The Goo of Paint: How Every Mark Matters

Dana Schutz, Sneeze, 200, oil on canvas, 19 x 19 inches (courtesy of the artist and Petzel Gallery)
Dana Schutz, Sneeze, 200, oil on canvas, 19 x 19 inches (courtesy of the artist and Petzel Gallery)

Jennifer Coates writes about the "referential potential of the painterly gesture." Coates' exhibition Carb Load ws recently on view at the Pennsylvania Academy of Fine Arts (PAFA).

Coates concludes: "The myriad ways to treat the goo of paint speak of both destruction and careful manipulation. When images break down into lawless, senseless viscosity, there is a threat to the order of things. This threat is productive, as the viscosity can relay messages about human behavior: The goo tells us about what we want: to be purified, to be a hero, to eat, to kill, to covet. The plight of the contemporary painter is to be aware of the implications in all the ways that paint can be manipulated; in some cases, that means teasing out meaning from every squish, ooze, and splash."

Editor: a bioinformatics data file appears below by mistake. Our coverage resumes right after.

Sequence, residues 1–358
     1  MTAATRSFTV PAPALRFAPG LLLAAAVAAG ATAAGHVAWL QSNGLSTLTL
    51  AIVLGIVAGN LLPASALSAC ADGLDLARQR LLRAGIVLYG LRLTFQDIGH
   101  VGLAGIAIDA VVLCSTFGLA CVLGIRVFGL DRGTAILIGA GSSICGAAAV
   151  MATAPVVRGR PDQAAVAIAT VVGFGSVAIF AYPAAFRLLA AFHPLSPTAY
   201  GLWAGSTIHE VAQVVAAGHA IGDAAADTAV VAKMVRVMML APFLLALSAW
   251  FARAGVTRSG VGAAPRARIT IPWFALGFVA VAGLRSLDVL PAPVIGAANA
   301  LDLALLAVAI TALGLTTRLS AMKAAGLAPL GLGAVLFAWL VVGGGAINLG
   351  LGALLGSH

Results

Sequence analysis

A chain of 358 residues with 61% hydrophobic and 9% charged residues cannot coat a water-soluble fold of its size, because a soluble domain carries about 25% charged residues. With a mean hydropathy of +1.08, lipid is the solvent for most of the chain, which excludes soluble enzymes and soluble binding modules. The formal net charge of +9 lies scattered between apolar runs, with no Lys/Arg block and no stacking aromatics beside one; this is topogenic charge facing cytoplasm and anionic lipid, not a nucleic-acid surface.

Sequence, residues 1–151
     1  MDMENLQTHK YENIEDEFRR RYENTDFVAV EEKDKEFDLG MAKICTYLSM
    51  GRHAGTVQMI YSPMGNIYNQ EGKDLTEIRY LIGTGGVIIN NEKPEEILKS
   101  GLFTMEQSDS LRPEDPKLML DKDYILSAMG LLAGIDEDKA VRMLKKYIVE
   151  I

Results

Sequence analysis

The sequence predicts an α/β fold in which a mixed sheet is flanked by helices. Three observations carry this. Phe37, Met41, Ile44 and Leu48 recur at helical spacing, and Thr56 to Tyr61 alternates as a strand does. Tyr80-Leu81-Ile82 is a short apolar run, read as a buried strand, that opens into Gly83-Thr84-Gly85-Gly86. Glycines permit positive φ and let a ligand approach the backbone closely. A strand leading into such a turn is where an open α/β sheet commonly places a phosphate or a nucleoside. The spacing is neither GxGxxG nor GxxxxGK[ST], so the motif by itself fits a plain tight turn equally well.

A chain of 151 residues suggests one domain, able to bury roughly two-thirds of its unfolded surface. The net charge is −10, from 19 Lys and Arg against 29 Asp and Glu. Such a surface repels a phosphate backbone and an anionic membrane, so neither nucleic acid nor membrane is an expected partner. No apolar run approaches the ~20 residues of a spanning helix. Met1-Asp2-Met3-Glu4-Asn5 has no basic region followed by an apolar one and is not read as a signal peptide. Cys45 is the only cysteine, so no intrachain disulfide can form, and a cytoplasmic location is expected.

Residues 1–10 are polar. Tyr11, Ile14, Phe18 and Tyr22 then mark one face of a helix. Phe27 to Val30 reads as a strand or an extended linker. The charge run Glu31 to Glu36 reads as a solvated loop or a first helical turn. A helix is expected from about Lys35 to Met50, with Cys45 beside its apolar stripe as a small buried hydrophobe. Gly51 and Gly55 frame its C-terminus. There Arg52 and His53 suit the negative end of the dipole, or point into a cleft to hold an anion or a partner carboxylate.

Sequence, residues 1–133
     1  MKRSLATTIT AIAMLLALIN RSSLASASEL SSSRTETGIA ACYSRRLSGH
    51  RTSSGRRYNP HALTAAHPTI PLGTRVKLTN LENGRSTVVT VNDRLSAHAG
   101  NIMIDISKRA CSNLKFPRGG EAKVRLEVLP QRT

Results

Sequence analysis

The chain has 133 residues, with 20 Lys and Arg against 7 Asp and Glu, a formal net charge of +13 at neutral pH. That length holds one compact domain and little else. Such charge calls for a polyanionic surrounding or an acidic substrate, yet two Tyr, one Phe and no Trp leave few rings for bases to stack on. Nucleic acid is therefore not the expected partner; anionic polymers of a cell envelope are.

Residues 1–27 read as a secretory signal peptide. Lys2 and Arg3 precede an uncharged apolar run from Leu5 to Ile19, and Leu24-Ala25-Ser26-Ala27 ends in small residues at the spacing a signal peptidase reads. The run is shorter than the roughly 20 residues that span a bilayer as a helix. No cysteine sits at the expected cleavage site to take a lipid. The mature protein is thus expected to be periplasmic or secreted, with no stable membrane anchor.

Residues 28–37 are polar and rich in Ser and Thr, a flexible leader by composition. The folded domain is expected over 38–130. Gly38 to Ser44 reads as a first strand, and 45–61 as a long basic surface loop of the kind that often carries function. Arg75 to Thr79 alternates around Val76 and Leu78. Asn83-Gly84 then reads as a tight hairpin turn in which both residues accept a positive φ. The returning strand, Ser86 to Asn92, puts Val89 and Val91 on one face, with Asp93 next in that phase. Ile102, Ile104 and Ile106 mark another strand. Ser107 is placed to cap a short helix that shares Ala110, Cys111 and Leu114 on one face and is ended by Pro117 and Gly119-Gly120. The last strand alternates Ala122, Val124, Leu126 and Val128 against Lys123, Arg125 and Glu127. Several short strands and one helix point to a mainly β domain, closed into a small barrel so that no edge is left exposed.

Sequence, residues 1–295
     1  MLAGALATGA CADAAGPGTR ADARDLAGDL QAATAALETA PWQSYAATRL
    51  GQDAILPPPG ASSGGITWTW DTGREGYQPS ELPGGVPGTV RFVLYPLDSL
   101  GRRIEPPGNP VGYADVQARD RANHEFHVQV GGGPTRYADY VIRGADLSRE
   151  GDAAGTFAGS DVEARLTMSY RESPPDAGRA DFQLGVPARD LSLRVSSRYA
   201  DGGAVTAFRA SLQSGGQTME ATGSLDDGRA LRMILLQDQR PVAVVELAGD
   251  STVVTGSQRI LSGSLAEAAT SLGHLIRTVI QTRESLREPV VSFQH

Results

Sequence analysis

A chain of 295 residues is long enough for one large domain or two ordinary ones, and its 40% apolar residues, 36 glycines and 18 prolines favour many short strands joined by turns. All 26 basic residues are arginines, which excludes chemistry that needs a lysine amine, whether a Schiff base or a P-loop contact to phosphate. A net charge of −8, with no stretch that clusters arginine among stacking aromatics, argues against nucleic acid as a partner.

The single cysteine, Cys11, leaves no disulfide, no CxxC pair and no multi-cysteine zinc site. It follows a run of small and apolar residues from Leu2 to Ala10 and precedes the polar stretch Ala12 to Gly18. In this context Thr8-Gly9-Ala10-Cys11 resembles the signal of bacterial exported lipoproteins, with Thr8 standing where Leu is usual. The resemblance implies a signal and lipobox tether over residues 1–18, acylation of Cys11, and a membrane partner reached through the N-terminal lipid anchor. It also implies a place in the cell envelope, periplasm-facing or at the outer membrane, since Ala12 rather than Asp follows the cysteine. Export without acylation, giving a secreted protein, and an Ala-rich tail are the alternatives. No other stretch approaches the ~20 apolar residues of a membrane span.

via: 
Artinfo